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The federal government is not making much headway reducing poverty despite spending hundreds of billions of dollars, according to a study by the libertarian Cato Institute.
Despite an unprecedented increase in federal anti-poverty spending, the national poverty rate has not declined, the study finds. No real difference now from when Johnson kicked off his "war on poverty" in 1965.
“[S]ince President Obama took office [in January 2009], federal welfare spending has increased by 41 percent, more than $193 billion per year,” the study says.
Federal welfare spending in fiscal year 2011 totaled $668 billion, spread out over 126 programs, while the poverty rate that remains high at 15.1 percent, roughly where it was in 1965, when President Johnson declared a federal War on Poverty.
The study faults the way poverty programs are designed, saying that the increase in spending and largely unchanged poverty rate showed that the issue is not a matter of money, but a matter of what the programs aim to achieve.
“The vast majority of current programs are focused on making poverty more comfortable – giving poor people more food, better shelter, health care, and so forth – rather than giving people the tools that will help them escape poverty.”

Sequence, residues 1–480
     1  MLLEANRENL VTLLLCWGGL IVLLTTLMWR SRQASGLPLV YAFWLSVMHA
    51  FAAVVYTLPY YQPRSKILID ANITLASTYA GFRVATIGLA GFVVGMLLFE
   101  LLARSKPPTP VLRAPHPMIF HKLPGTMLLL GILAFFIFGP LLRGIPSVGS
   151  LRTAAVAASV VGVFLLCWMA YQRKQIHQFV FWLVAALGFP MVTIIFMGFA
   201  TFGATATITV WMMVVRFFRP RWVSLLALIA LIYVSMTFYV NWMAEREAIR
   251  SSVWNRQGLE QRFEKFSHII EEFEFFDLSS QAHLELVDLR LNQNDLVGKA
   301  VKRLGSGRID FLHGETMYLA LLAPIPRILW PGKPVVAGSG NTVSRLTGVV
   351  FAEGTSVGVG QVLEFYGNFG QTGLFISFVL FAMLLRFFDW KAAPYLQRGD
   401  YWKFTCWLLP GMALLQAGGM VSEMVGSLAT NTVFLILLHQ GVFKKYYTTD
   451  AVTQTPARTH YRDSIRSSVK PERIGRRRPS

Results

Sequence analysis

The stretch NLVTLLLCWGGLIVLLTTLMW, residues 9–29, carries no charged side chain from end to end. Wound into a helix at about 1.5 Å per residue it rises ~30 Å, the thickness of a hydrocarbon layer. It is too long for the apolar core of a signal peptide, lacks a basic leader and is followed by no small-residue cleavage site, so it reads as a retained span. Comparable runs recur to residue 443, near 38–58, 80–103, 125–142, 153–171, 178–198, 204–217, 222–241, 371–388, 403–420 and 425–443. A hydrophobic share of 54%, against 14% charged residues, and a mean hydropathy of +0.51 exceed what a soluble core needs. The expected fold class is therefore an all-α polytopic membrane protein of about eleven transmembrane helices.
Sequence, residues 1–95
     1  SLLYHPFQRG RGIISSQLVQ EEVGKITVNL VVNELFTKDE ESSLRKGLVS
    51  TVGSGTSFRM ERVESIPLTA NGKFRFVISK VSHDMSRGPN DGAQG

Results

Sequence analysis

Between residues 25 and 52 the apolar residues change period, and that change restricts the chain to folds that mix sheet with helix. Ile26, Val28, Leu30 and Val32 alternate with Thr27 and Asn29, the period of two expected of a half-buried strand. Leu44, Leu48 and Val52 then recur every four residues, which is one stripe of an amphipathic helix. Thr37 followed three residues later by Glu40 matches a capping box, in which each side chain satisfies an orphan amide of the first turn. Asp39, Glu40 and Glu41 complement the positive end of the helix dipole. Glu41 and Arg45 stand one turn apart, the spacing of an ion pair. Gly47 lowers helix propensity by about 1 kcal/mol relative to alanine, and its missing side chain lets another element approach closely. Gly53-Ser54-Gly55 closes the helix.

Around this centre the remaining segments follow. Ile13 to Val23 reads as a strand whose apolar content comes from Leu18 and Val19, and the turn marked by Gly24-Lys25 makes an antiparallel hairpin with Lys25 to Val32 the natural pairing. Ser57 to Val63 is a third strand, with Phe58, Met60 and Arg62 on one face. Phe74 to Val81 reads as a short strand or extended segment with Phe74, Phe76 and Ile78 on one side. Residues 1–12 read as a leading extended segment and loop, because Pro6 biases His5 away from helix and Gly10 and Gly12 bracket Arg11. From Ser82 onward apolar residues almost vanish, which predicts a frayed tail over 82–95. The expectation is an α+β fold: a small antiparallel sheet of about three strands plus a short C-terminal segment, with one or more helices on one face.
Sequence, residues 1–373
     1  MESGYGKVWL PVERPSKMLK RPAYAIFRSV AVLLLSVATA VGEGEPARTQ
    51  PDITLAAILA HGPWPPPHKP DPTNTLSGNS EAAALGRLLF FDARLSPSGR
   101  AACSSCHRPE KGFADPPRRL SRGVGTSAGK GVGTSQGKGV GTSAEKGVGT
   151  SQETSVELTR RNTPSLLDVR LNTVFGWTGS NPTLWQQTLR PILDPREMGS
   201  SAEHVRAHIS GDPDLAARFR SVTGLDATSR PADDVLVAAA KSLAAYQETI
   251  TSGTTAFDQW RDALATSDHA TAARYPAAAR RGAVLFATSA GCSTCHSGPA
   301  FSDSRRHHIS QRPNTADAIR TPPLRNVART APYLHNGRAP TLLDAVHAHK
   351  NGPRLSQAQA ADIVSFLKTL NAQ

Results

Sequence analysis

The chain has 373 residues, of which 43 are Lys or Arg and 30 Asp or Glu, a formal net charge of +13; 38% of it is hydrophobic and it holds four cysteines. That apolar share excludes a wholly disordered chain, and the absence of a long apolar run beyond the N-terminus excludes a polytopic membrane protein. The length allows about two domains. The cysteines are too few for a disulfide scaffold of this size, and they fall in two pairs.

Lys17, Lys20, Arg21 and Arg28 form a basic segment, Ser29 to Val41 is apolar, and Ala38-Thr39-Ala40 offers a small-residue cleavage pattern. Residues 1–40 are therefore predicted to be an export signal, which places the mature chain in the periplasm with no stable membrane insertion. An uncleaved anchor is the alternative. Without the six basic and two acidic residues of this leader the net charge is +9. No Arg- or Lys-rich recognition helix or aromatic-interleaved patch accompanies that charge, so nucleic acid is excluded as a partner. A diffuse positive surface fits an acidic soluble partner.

Instead, the study recommends refocusing anti-poverty efforts on keeping people in school, discouraging out-of-wedlock births, and encouraging people to get a job – even if that job is a low-wage one.
“It would make sense therefore to shift our anti-poverty efforts from government programs that simply provide money or goods and services to those who are living in poverty to efforts to create the conditions and incentives that will make it easier for people to escape poverty.
In total, the United States spends nearly $1 trillion every year to fight poverty. That amounts to $20,610 for every poor person in America, or $61,830 per poor family of three.
www.cato.org...edit on 25-6-2012 by jibeho because: (no reason given)edit on 25-6-2012 by jibeho because: (no reason given)